Laboratory test results are not meaningful by themselves. Their meaning comes from comparison to reference ranges. Reference ranges are the values expected for a healthy person. They are sometimes called “normal” values. By comparing your test results with reference values, you and your healthcare provider can see if any of your test results fall outside the range of expected values. Values that are outside expected ranges can provide clues to help identify possible conditions or diseases.

While accuracy of laboratory testing has significantly evolved over the past few decades, some lab-to-lab variability can occur due to differences in testing equipment, chemical reagents, and techniques. This is a reason why so few reference ranges are provided on this site. It is important to know that you must use the range supplied by the laboratory that performed your test to evaluate whether your results are “within normal limits.”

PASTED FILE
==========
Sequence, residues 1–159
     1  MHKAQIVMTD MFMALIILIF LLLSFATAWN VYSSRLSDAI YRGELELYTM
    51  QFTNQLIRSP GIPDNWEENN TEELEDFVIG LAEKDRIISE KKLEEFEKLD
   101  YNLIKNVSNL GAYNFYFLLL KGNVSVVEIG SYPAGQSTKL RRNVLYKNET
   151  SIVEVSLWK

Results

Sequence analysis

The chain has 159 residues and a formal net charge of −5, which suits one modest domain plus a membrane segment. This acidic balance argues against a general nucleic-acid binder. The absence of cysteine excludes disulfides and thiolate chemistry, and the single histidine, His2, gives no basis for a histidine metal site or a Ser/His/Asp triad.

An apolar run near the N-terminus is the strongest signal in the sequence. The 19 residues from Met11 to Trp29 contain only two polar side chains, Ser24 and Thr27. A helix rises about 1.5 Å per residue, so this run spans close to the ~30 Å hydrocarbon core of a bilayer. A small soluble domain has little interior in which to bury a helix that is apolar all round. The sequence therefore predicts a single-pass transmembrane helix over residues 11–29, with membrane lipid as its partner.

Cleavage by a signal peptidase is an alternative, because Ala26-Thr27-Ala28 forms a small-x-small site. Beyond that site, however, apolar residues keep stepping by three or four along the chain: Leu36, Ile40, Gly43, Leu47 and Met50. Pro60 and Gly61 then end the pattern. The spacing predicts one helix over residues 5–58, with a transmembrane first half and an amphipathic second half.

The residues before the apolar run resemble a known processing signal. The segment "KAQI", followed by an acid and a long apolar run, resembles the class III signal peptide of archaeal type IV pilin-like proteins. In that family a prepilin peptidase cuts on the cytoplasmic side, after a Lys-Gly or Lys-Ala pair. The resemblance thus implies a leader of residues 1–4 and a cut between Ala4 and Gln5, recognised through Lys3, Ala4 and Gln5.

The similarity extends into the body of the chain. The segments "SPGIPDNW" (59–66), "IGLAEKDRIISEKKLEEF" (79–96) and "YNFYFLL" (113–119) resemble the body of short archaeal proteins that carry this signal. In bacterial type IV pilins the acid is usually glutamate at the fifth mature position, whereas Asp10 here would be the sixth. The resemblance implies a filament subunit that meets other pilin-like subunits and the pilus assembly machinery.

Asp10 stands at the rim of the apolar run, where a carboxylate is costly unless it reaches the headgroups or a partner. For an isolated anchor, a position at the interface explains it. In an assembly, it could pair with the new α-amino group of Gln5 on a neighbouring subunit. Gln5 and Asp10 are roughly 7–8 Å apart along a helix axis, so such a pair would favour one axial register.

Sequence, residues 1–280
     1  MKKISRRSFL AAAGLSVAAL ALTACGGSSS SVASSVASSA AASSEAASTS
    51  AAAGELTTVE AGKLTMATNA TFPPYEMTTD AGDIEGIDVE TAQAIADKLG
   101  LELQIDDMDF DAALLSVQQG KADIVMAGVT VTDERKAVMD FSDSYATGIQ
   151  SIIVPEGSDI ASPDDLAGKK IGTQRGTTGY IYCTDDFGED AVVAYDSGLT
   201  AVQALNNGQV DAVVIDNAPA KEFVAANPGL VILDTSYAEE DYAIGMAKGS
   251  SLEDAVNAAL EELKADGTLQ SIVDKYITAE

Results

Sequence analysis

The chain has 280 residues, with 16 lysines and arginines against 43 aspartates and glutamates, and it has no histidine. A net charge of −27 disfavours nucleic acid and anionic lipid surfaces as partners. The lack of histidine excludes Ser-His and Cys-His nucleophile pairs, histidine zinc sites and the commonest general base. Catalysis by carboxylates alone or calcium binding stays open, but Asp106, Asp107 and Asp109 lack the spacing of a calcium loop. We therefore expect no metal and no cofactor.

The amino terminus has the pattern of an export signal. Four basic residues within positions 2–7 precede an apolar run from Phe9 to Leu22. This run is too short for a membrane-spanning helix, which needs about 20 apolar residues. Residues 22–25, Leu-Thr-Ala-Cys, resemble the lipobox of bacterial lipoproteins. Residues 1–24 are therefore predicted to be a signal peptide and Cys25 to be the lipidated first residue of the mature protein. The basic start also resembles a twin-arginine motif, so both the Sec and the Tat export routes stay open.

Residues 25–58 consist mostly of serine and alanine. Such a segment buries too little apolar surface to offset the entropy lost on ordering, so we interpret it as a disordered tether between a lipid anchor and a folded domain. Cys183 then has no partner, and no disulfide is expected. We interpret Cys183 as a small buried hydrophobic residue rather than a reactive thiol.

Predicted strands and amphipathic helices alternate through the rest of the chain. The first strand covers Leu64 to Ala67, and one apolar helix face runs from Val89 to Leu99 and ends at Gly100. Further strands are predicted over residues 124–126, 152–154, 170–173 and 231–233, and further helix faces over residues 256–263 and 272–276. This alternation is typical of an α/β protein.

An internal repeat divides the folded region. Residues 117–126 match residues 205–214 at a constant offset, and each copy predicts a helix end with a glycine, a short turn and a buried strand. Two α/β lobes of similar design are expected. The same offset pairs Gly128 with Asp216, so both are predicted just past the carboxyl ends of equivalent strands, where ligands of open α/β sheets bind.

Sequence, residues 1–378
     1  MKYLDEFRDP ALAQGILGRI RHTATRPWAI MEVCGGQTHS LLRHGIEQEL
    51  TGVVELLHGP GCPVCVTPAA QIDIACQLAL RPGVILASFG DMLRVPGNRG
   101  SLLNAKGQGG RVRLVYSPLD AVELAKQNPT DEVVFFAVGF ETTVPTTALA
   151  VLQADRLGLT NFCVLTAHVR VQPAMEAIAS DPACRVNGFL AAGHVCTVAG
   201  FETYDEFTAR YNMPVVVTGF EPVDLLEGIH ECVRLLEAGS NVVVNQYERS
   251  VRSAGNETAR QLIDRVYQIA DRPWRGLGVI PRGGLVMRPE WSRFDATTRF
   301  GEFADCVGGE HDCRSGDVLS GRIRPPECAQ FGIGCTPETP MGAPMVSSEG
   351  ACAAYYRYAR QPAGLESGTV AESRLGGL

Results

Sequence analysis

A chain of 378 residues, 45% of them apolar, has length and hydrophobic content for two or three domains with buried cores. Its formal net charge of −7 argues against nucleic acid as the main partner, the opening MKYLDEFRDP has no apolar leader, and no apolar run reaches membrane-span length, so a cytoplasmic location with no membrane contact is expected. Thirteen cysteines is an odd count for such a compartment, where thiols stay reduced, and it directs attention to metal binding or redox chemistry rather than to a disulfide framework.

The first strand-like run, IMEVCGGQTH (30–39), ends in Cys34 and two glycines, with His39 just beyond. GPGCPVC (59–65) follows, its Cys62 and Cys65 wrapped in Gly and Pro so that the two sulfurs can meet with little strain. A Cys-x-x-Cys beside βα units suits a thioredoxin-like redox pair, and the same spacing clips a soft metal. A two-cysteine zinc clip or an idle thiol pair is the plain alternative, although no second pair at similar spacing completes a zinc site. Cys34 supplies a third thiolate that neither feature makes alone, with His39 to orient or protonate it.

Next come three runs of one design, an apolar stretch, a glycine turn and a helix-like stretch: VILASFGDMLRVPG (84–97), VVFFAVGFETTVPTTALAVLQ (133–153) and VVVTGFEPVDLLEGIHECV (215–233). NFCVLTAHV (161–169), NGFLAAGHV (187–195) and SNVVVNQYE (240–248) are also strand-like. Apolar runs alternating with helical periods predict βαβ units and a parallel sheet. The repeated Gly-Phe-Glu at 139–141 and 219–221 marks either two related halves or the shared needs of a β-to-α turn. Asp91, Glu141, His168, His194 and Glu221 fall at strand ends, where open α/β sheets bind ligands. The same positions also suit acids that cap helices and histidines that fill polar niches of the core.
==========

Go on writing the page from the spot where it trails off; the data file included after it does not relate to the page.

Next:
For more information, please read the article Reference Ranges and What They Mean.

Sweat Chloride Sample Collection

A sweat sample is collected using a special sweat stimulation procedure. Below is one example:

  1. The patient’s skin (usually the forearm) is washed with water and patted dry.
  2. A pad soaked in pilocarpine (chemical that stimulates sweat glands) is placed on the skin. An electrode creates a mild current that moves the chemical through the skin into the area where the sweat glands are. This procedure may create a tingling or warm sensation and takes about five minutes.
  3. The electrode and pad are removed. The area of the skin that was stimulated has started to sweat.
  4. A piece of filter paper that was previously weighed is placed over the area.
  5. The area is covered with plastic and tightly bandaged. Sweat is collected for 30 minutes.